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EasyJet is the latest airline to make its planes more cramped

Passengers disembark from low-cost airline easyJet's plane.
Reuters Photo
  • Cassie Werber
By Cassie Werber

Cassie writes about the world of work.

Published Last updated This article is more than 2 years old.

EasyJet today became the latest carrier to say it will up the number of passengers it takes on each flight. The new Airbus A320 planes the budget airline is buying will have 186 seats, rather than 180, and old aircraft will be retrofitted to include the extra capacity.

Passengers folding themselves into ever-more-crowded cabins may complain, but according to Airbus, the upping of numbers will be achieved without making the seats narrower. In another addition to the new design, an onboard bathroom will be made more accessible to people with reduced mobility—though this will be achieved by knocking two existing bathrooms into one, reducing number of bathrooms overall.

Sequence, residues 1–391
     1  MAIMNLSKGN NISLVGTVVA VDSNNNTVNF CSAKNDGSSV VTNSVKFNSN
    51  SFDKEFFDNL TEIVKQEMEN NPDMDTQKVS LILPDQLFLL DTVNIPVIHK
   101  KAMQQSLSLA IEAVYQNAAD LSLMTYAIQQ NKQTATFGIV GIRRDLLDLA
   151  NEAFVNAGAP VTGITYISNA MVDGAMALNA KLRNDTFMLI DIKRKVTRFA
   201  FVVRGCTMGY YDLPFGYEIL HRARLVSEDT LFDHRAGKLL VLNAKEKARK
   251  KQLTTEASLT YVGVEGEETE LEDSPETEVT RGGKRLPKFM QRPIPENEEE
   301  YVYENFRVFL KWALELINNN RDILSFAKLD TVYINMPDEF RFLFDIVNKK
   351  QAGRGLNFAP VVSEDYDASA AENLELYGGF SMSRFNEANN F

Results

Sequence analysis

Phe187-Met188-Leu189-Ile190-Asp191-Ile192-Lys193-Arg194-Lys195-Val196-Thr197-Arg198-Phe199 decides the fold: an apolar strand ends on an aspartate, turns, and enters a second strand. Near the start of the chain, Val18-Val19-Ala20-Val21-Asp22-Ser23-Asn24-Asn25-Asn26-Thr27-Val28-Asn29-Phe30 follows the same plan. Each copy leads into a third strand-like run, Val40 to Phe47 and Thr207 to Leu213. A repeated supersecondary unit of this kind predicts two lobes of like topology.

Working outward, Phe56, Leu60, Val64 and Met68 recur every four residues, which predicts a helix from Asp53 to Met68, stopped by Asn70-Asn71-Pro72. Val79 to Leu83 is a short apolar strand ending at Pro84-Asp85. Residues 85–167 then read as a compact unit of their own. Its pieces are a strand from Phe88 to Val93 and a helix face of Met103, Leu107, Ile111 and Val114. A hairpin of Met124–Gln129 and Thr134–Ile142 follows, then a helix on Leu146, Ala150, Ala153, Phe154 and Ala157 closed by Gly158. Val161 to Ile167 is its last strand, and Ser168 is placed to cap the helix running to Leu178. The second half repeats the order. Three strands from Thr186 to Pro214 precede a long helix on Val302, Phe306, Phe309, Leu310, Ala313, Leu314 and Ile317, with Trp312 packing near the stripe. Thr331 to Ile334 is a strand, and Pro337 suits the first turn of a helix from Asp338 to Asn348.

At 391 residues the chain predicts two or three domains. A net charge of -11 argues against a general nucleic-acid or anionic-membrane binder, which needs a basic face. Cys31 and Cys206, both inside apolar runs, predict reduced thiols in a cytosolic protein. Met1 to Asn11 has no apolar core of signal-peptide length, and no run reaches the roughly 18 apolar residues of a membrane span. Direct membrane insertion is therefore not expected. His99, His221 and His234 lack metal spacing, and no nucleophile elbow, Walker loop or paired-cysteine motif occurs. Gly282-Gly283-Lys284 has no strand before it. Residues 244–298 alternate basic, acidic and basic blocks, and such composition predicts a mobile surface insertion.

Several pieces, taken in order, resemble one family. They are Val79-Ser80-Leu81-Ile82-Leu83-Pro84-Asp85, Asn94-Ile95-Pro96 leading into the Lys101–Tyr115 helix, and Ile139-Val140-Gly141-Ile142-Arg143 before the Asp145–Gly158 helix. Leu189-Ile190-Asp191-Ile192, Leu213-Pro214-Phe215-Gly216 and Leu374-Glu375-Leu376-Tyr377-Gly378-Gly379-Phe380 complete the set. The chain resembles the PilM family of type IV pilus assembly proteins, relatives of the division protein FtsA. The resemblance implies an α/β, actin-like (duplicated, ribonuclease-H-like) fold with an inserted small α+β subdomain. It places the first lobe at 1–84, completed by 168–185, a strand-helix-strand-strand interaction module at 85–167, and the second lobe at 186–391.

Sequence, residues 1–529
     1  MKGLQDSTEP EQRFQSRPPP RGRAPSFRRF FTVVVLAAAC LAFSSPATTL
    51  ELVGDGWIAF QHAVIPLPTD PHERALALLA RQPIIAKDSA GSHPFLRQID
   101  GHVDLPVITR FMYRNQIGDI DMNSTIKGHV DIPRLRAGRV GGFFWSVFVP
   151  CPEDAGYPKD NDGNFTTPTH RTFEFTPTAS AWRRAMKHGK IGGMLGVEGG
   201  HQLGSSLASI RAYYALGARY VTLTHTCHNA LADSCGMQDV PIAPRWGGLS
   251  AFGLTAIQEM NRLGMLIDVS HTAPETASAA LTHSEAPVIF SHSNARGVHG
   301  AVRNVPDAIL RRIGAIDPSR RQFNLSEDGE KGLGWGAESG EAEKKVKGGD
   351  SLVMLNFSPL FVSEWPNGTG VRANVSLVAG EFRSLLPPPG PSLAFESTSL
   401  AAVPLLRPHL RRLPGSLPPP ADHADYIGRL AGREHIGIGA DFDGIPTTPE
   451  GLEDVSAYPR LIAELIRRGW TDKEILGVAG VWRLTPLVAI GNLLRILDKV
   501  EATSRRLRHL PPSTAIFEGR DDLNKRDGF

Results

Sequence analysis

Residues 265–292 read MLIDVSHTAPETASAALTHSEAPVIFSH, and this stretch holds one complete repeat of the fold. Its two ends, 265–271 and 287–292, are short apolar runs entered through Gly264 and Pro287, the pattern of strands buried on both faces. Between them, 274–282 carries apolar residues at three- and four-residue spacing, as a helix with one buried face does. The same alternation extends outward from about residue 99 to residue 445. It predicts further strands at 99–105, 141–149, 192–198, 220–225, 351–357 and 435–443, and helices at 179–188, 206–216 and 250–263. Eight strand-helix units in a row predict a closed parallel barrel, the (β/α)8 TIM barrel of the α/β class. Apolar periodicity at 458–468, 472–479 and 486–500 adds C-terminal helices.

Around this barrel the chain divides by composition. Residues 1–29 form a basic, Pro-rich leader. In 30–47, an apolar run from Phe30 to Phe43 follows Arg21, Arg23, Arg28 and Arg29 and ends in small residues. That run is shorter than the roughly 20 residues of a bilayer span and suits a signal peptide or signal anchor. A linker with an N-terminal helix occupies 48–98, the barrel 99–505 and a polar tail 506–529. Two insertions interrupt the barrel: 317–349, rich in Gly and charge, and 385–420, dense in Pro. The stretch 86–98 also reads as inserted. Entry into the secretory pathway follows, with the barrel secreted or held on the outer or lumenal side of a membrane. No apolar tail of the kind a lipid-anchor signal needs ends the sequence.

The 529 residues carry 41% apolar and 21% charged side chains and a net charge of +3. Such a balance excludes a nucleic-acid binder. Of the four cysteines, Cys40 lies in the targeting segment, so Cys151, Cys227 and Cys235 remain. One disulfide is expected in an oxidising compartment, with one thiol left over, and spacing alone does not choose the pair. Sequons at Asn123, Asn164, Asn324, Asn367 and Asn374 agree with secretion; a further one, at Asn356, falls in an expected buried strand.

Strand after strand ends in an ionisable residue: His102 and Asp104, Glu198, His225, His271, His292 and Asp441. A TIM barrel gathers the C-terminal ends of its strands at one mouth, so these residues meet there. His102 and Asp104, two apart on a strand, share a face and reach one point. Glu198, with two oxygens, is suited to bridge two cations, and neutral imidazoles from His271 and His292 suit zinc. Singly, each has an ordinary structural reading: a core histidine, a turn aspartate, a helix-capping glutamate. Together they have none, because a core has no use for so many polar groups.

On some of easyJet’s longer flights—Manchester to Sharm-el-Sheik, a six-hour trip, is the longest—the extra people and reduced bathroom capacity is likely to be onerous.

There’s one tiny upside. In a fuller plane, the individual carbon footprint of each passenger would fall. According to the International Civil Aviation Authority’s calculator, a round trip from London to Rome and back —roughly 4,000 kilometers—uses about 14,000 kilograms of fuel. That equates to an average carbon dioxide emission of 330 kilograms per person. In a full plane with 186 seats, that would fall to 312 kilograms each. (It’s worth noting that there are a lot of carbon emission calculators online, but few with any explanation of their methodology.)

Furthermore, the airline could in theory carry more people using fewer planes. After 31 full flights at the new, higher capacity, a whole planeload (186 journeys) could be “saved.”

But EasyJet has made no claims about helping the environment, and indeed, it is also planning to expand its fleet. In a statement released today, the company said that the more-packed planes were “expected to deliver a cost per seat saving of 2%” compared to their more spacious predecessor.

The company’s share price fell 8% today after the announcement, though that’s likely connected to longterm outlook, rather than because shareholders are worried about leg room—or the environment.

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